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The Life Cycle of Plants in India and Mexico

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  • Chang-Tai Hsieh
  • Peter J. Klenow

Abstract

In the U.S., the average 40 year old plant employs almost eight times as many workers as the typical plant five years or younger. In contrast, surviving Indian plants exhibit little growth in terms of either employment or output. Mexico is intermediate to India and the U.S. in these respects: the average 40 year old Mexican plant employs twice as many workers as an average new plant. This pattern holds across many industries and for formal and informal establishments alike. The divergence in plant dynamics suggests lower investments by Indian and Mexican plants in process efficiency, quality, and in accessing markets at home and abroad. In simple GE models, we find that the difference in life cycle dynamics could lower aggregate manufacturing productivity on the order of 25% in India and Mexico relative to the U.S.

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Paper provided by National Bureau of Economic Research, Inc in its series NBER Working Papers with number 18133.

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Date of creation: Jun 2012
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Handle: RePEc:nbr:nberwo:18133

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  1. Cabral, Luís M B & Mata, José, 2001. "On the Evolution of the Firm Size Distribution: Facts and Theory," CEPR Discussion Papers 3045, C.E.P.R. Discussion Papers.
  2. Thomas J. Holmes & John J. Stevens, 2010. "Exports, Borders, Distance, and Plant Size," Working Papers 10-13, Center for Economic Studies, U.S. Census Bureau.
  3. Chang-Tai Hsieh & Peter J Klenow, 2008. "Misallocation and Manufacturing TFP in China and India," 2008 Meeting Papers 121, Society for Economic Dynamics.
  4. Diego Restuccia & Richard Rogerson, 2007. "Policy Distortions and Aggregate Productivity with Heterogeneous Plants," Working Papers tecipa-283, University of Toronto, Department of Economics.
  5. Gian Luca Clementi & Hugo Hopenhagn, 2004. "A Theory of Financing Constraints and Firm Dynamics," Working Papers 04-25, New York University, Leonard N. Stern School of Business, Department of Economics.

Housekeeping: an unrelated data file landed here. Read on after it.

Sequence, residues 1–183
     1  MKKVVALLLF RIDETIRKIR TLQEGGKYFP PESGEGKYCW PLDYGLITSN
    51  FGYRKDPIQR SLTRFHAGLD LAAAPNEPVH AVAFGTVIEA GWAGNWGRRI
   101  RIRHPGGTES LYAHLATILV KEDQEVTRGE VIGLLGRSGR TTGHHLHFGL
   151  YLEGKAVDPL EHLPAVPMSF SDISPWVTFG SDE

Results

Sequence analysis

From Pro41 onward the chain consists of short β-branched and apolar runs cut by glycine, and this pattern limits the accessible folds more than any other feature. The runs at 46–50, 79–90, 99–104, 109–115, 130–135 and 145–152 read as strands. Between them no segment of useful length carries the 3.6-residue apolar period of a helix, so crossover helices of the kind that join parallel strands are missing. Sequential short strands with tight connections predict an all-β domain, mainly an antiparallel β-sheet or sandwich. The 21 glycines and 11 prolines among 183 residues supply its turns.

6. Andrew Atkeson & Ariel Burstein, 2007. "Innovation, Firm Dynamics, and International Trade," Levine's Working Paper Archive 122247000000001423, David K. Levine.
  7. Nicholas Bloom & David McKenzie, 2010. "Does Management Matter? Evidence From India," Discussion Papers 10-014, Stanford Institute for Economic Policy Research.
  8. Lucia Foster & John Haltiwanger & Chad Syverson, 2012. "The Slow Growth of New Plants: Learning about Demand?," Working Papers 12-06, Center for Economic Studies, U.S. Census Bureau.
  9. Michael Peters, 2011. "Heterogeneous Mark-Ups and Endogenous Misallocation," 2011 Meeting Papers 78, Society for Economic Dynamics.
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  12. Virgiliu Midrigan & Daniel Yi Xu, 2010. "Finance and Misallocation: Evidence from Plant-level Data," NBER Working Papers 15647, National Bureau of Economic Research, Inc.
  13. Dhritiman Bhattacharya, 2011. "Distortions, Endogenous Managerial Skills and Productivity Differences," 2011 Meeting Papers 570, Society for Economic Dynamics.
  14. Bhattacharya, Dhritiman & Guner, Nezih & Ventura, Gustavo, 2011. "Distortions, Endogenous Managerial Skills and Productivity Differences," IZA Discussion Papers 5963, Institute for the Study of Labor (IZA).
  15. Harold L. Cole & Jeremy Greenwood & Juan M. Sánchez, 2012. "Why doesn’t technology flow from rich to poor countries?," Working Papers 2012-040, Federal Reserve Bank of St. Louis.
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  17. Costas Arkolakis, 2010. "Market Penetration Costs and the New Consumers Margin in International Trade," Journal of Political Economy, University of Chicago Press, vol. 118(6), pages 1151 - 1199.
  18. Dunne, T. & Roberts, M.J. & Samuelson, L., 1988. "The Growth And Failure Of U.S. Manufacturing Plants," Papers 1-87-5, Pennsylvania State - Department of Economics.
  19. Rui Albuquerque & Hugo A. Hopenhayn, 2004. "Optimal Lending Contracts and Firm Dynamics," Review of Economic Studies, Oxford University Press, vol. 71(2), pages 285-315.
  20. Thomas Chaney, 2008. "Distorted Gravity: The Intensive and Extensive Margins of International Trade," American Economic Review, American Economic Association, vol. 98(4), pages 1707-21, September.
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Blog mentions

As found by EconAcademics.org, the blog aggregator for Economics research:
  1. Why do Indian and Mexican plants not grow?
    by Economic Logician in Economic Logic on 2012-10-03 14:11:00
Citations are extracted by the CitEc Project, subscribe to its RSS feed for this item.
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Cited by:
  1. Bhattacharya, Dhritiman & Guner, Nezih & Ventura, Gustavo, 2011. "Distortions, Endogenous Managerial Skills and Productivity Differences," IZA Discussion Papers 5963, Institute for the Study of Labor (IZA).
  2. Didier, Tatiana & Schmukler, Sergio L., 2013. "The financing and growth of firms in China and India: Evidence from capital markets," Journal of International Money and Finance, Elsevier, vol. 39(C), pages 111-137.
  3. Diego Restuccia & Richard Rogerson, 2012. "Misallocation and Productivity," Working Papers tecipa-468, University of Toronto, Department of Economics.

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